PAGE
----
LCA2011 Friday Morning Keynote
On the last day of linux.conf.au 2011, Mark Pesce gave the final keynote entitled “Smoke Signals”. The slides and an essay based on the presentation are available on Mark's website.
After the keynote both the conference organising team and members of the Linux Australia council received complaints from attendees regarding some of the content and imagery in the presentation. The imagery in particular was of a nature that was upsetting to a number of viewers.
Discussions took place between the linux.conf.au organising committee and the Linux Australia Council, with the result being that an apology was offered on behalf of the conference and Linux Australia at the closing session. In the week after the conference Mark also offered an apology to conference attendees, both on twitter and on his blog.
After careful consideration and consultation with members of the community,with Mr Pesce and with sponsors, the Council has decided that it is appropriate to make the video available for viewing online, even though we believe it was not appropriate material for the conference.
The video of Mark Pesce's keynote will be made available in due course on the linux.conf.au blip.tv channel. The contents of the original video will be uploaded in full apart from removal of sponsor's logos from the video.
In the days and weeks following the keynote an intense discussion regarding the keynote and the organisers' reaction to it took place initially on the lca-chat mailing list and then later progressed to the linux-aus mailing list. The Linux Australia council values the extensive feedback from these discussions, and will use it to inform policies for future conferences and events.
Unfortunately there was also an aspect of the discussion that was disrespectful, inappropriate and upsetting to many people, including many who didn't actively participate in the discussion. The Linux Australia Council was also notified that some members participating in the discussion had been abused and harassed via off-list emails.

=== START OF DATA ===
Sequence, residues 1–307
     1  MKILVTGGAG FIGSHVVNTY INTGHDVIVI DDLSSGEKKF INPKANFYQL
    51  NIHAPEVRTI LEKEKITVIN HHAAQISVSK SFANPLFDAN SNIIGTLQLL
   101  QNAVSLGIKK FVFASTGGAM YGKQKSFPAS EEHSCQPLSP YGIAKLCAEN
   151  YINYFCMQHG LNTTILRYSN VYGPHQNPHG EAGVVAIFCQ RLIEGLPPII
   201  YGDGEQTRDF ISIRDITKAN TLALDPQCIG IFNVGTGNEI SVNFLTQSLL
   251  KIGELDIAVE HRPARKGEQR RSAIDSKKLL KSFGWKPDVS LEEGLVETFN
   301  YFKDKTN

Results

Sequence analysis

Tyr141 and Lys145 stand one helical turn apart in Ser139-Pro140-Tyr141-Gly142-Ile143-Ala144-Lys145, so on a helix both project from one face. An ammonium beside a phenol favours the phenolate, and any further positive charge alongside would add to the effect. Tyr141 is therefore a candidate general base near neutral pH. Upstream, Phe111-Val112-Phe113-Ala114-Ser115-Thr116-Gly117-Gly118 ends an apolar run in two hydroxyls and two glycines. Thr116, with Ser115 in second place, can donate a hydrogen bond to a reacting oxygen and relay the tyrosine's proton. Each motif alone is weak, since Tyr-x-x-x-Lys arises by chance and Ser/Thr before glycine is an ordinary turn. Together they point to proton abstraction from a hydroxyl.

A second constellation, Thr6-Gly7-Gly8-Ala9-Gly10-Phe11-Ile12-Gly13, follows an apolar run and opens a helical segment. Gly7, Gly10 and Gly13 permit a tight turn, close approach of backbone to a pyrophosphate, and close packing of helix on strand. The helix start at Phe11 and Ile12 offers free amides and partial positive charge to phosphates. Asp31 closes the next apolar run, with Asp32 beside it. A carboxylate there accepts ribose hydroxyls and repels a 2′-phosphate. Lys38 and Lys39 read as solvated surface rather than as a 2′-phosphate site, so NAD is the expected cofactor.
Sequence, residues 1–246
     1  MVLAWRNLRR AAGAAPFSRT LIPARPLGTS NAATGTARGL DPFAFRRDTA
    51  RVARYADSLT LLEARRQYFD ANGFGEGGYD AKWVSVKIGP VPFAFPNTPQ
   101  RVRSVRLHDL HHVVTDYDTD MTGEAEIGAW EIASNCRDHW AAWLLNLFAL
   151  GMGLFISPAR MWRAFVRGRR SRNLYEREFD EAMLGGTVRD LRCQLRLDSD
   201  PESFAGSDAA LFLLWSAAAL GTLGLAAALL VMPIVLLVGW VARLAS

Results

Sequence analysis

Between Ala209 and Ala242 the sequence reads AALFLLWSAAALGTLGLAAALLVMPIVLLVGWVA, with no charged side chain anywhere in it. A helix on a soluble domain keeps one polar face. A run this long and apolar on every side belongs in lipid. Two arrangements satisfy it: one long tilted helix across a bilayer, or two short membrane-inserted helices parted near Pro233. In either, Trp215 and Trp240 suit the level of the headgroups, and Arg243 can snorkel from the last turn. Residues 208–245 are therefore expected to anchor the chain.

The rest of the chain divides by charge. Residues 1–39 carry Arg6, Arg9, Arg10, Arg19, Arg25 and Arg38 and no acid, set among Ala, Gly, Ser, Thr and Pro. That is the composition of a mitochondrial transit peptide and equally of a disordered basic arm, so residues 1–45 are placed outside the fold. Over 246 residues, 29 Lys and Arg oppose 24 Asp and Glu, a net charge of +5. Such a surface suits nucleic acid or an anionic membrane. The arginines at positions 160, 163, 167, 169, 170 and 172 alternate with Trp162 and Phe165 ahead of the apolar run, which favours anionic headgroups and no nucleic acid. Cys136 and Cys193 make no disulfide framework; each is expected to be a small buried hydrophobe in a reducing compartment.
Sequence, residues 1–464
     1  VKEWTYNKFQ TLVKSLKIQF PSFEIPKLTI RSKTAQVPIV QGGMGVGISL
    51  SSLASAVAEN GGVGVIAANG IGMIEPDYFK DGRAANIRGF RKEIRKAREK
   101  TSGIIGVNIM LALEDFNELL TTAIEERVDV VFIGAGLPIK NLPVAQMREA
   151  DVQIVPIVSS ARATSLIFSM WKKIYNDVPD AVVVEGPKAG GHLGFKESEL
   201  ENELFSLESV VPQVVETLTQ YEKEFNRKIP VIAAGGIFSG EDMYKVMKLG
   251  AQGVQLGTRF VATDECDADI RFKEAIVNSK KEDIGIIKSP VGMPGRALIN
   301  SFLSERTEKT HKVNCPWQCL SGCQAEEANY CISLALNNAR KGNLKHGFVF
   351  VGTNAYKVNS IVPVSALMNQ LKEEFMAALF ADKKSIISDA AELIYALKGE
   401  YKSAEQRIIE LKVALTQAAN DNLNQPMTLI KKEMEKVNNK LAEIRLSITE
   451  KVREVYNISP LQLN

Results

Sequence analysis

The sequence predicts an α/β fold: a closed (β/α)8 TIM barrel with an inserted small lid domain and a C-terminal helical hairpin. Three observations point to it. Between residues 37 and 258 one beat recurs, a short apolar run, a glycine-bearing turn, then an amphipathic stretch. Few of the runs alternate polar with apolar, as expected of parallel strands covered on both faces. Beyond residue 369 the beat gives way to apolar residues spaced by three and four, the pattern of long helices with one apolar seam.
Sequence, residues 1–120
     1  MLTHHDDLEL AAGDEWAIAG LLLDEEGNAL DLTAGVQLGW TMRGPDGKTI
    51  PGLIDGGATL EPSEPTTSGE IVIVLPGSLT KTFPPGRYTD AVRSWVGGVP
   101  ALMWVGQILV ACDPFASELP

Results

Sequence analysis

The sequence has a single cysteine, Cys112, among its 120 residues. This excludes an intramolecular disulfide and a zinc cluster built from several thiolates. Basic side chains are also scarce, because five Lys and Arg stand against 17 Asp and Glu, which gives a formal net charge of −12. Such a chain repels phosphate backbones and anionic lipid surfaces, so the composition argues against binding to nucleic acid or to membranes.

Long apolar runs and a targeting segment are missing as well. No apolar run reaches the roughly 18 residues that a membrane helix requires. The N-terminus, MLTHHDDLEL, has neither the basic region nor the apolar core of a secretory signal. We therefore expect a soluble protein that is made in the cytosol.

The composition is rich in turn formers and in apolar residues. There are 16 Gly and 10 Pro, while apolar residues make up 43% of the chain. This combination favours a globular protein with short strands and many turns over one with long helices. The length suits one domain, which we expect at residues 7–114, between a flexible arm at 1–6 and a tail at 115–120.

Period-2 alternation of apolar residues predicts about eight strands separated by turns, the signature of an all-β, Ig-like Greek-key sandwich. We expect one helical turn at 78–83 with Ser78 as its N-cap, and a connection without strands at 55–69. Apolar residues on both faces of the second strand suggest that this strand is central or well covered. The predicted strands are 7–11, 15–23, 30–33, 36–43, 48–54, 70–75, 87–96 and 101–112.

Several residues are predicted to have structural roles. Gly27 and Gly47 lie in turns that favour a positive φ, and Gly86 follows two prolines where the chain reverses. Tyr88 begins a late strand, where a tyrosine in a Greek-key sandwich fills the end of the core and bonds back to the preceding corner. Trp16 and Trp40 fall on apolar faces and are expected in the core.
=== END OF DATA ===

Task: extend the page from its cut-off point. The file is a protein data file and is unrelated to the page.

Linux Australia would like to express its sincere regret that the discussion was less than respectful to all participants, and would like to apologise to those who were justifiably upset by its contents.
Linux Australia would like to remind all mailing list subscribers that the mailing list is not a general forum, and while commentary on our policies and actions is welcome, harassment and intimidation of linux.conf.au attendees and Linux Australia members is definitely not.
Linux Australia is committed to expanding its membership and increasing participation by a diverse range of groups. This means that Linux Australia will take all possible measures to ensure all of its members feel welcome and safe at any events we support, as well as on any communication platform we host.
We believe this is only possible with the co-operation of all attendees and participants. Our goal is to create spaces that are known to be safe for all participants, and not forums for bullying or harassing behaviour. Linux Australia creates its policies to reflect the values of our organisation and the atmosphere and sense of inclusion that we wish to project at our conferences and other events. These policies have enabled us to respond in a manner which we believe reinforces these aims.
Like the software that our community is founded on, our policies are works in progress and can always be improved. In the coming months the Linux Australia Council will work on improving the existing policies and expanding them to cover all aspects of the organisation, not just linux.conf.au.
If you have any questions, please do not hesitate to email the Linux Australia Council at firstname.lastname@example.org.
Linux Australia Council